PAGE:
President Biden’s American Jobs Plan called for the creation of such an office at the Department of Commerce and for comparable levels of funding to enable America to produce “the technologies and goods that meet today’s challenges and seize tomorrow’s opportunities.” The Biden Administration subsequently released a report in June 2021, pursuant to Executive Order 14017 (“America’s Supply Chains”), which assessed supply chain vulnerabilities across a range of key products, including semiconductors, high-capacity batteries, and critical minerals. The report underscored the need for a dedicated office at the Department of Commerce and for robust funding to address vulnerabilities associated with these and other products.
U.S. economic and national security will depend in part on whether the federal government invests meaningfully in creating resilient supply chains to guard against unexpected shocks, whether they’re caused by market or economic forces, global conflicts, natural disasters, or public health crises. Disruptions throughout the COVID-19 pandemic have clarified the need to strengthen U.S. supply chains and reinvest in American manufacturing capacity to meet the immediate challenges of today and to lead in the future:
- PPE: At the height of the pandemic, demand spikes and supply shortages led to price increases of more than 1,000% for personal protective equipment. Throughout the United States, for months on end, frontline medical and healthcare workers were forced to ration masks, gloves, and gowns while waiting for foreign imports to arrive.
- Semiconductors: Semiconductor shortages have contributed to disruptions throughout the economy, including production cutbacks at U.S. automakers and increased prices for consumers looking to buy a new or used car. Semiconductors are key components in everyday consumer goods, including dishwashers, televisions, and refrigerators, and they play a significant role in major sectors of the U.S. economy, including agriculture, healthcare, and defense. The U.S. has fallen from 37 percent of global semiconductor production twenty years ago to just over 12 percent today.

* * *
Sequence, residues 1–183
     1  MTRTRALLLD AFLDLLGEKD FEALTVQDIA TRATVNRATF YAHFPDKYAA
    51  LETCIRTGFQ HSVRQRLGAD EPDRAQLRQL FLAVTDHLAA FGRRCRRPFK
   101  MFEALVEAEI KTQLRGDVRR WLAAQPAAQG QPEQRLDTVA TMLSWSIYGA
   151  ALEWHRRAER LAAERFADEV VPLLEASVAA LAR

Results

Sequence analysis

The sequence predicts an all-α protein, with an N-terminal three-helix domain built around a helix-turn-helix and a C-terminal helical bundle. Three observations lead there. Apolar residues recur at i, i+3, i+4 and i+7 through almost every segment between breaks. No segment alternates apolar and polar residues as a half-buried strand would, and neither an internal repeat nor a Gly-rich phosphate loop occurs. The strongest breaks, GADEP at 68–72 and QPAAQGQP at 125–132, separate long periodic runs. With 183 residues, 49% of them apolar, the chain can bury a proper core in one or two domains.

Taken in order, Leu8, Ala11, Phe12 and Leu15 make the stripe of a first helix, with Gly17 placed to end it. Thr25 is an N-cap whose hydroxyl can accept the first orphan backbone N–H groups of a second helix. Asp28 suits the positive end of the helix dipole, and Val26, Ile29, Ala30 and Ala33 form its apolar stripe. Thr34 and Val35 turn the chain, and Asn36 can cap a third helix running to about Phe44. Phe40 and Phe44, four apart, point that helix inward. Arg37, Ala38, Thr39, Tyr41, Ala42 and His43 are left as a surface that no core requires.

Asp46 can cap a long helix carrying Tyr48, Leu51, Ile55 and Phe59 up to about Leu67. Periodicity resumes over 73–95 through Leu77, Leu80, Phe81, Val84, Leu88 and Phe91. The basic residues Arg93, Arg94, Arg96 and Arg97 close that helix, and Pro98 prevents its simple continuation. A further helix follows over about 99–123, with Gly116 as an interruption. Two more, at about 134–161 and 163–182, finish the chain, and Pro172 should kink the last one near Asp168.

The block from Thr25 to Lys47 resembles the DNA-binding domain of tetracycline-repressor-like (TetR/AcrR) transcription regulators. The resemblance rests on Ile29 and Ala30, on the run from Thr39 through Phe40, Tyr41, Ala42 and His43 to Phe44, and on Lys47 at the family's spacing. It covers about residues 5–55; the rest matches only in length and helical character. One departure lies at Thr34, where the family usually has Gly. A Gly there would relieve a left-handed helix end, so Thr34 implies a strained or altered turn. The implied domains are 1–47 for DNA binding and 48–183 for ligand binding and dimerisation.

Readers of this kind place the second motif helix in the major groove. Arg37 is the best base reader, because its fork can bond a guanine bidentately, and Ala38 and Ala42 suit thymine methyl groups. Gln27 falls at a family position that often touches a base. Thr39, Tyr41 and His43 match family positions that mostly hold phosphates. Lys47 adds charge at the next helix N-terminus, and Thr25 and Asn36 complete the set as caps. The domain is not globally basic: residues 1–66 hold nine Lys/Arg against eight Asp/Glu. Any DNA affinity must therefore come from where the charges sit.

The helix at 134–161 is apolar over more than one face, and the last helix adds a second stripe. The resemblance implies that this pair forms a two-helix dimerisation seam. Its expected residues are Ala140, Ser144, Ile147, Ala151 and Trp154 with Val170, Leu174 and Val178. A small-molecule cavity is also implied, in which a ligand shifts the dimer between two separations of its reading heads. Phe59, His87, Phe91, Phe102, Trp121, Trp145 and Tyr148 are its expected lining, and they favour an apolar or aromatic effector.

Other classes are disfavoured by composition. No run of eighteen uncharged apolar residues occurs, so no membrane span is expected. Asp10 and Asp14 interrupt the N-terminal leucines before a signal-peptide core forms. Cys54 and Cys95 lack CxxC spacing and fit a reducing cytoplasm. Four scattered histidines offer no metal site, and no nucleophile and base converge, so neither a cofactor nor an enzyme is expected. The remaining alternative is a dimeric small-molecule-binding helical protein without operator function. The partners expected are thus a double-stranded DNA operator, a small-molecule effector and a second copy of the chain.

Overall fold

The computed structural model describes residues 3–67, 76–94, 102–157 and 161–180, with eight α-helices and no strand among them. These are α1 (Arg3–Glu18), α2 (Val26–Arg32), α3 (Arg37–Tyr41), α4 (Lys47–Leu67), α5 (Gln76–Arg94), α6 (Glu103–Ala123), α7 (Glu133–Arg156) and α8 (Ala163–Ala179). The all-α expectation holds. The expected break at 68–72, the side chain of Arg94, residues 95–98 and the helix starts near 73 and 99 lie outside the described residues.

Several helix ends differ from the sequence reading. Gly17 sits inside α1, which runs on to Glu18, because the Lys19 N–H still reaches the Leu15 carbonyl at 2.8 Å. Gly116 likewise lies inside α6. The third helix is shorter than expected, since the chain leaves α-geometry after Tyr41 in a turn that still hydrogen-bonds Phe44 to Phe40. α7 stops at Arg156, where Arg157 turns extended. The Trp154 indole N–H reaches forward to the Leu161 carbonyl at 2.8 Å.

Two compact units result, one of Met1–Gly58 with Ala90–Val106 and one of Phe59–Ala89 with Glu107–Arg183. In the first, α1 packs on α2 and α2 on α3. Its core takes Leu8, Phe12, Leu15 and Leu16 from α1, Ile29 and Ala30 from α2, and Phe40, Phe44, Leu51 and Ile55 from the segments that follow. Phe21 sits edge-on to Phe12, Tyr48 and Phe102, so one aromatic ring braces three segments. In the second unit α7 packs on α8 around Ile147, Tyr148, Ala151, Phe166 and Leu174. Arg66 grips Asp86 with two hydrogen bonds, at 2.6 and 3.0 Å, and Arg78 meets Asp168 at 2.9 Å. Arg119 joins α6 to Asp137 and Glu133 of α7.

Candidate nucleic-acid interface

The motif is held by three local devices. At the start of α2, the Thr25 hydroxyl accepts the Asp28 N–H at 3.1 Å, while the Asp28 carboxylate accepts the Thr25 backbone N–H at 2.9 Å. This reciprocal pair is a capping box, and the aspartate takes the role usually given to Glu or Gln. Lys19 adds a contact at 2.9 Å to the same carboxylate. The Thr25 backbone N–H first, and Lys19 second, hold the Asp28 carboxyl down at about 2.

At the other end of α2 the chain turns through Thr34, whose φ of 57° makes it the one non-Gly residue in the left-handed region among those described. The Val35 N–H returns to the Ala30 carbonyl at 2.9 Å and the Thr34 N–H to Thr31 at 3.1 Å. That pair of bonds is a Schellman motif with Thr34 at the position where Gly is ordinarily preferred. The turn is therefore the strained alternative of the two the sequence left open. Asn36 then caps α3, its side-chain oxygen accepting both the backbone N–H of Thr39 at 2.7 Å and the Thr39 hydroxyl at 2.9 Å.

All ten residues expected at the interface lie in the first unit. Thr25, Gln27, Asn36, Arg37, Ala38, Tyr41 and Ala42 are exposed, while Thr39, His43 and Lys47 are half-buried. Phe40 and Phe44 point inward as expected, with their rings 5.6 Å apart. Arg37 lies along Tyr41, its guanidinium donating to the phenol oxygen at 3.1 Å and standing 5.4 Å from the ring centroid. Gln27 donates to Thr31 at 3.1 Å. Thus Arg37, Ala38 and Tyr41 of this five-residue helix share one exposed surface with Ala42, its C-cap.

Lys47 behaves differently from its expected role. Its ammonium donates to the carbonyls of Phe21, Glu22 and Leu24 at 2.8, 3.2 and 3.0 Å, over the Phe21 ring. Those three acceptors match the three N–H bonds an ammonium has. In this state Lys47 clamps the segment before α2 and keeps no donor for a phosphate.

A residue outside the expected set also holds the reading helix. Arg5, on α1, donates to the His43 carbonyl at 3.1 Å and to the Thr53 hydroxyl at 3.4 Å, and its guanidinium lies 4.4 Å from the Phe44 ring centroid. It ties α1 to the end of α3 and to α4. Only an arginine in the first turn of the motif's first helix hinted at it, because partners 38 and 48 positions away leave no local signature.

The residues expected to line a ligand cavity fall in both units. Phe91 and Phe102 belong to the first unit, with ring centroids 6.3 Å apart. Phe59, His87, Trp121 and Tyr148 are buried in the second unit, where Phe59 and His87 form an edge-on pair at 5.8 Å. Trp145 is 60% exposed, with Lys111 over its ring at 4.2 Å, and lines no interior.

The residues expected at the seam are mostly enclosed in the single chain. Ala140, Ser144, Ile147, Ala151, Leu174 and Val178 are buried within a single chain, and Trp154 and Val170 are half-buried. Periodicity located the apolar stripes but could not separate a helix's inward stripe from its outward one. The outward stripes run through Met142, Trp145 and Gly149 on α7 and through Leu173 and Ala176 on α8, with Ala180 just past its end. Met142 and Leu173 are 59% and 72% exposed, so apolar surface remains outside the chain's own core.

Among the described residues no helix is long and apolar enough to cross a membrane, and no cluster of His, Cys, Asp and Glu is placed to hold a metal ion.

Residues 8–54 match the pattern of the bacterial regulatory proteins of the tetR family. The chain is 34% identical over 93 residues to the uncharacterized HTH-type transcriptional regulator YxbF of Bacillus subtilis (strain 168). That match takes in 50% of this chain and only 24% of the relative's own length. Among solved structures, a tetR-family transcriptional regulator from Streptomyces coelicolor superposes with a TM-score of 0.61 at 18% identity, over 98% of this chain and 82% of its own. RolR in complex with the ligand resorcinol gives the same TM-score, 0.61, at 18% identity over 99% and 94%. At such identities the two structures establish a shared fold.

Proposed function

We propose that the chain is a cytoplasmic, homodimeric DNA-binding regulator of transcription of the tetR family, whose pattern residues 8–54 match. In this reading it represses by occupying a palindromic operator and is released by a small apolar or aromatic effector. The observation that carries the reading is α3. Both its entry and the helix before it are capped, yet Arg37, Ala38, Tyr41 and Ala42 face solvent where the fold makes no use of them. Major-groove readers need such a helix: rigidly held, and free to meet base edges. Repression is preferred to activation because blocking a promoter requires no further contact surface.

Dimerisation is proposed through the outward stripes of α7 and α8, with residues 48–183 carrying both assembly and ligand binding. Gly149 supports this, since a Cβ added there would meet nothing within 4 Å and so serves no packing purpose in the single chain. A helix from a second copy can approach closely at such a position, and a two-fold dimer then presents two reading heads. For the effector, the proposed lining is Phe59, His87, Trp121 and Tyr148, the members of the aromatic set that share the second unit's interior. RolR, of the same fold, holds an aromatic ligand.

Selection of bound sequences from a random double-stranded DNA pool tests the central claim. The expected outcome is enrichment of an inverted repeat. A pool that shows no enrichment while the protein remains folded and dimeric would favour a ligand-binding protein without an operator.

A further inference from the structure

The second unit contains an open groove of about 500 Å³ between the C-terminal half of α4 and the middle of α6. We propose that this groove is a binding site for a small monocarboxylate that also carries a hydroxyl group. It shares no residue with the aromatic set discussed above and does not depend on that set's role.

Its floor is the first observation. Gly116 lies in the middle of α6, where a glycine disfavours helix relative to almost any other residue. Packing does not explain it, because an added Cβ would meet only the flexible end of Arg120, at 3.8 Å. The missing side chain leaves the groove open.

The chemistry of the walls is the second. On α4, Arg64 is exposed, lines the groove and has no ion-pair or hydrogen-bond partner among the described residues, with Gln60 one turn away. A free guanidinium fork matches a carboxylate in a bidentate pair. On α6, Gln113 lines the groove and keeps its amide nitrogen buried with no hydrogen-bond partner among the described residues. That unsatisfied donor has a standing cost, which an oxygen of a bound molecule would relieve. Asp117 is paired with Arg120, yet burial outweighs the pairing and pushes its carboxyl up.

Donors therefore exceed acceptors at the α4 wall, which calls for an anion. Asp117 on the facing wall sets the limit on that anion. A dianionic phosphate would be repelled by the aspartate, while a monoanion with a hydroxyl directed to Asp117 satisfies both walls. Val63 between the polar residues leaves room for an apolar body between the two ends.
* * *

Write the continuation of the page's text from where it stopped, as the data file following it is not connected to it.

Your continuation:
- Clean energy: Looking ahead, the U.S. will only be able to compete with China in the clean energy technology market – a major economic and global leadership opportunity for the U.S. – if we make significant investments in domestic battery production for use in electric vehicles and polysilicon for use in solar equipment.
- Today, perhaps up to half of the world’s polysilicon – a raw material needed to build most solar panels – is produced in Xinjiang, where ethnic and religious minorities are arbitrarily detained and forced into industrial labor camps. Earlier this year, the U.S. Department of Labor’s Bureau of International Labor Affairs added polysilicon produced in Xinjiang to the List of Goods Produced by Child Labor or Forced Labor. The transition from fossil fuels to clean energy should not rely on slave labor at the site of the world’s greatest human rights crisis.
The Building Resilient Supply Chains Act will make the U.S. safer at home and more competitive abroad for decades to come, while creating good-paying jobs in New Jersey and throughout the country.
Representative Malinowski is a member of the House Committees on Foreign Affairs, Transportation and Infrastructure, and Homeland Security.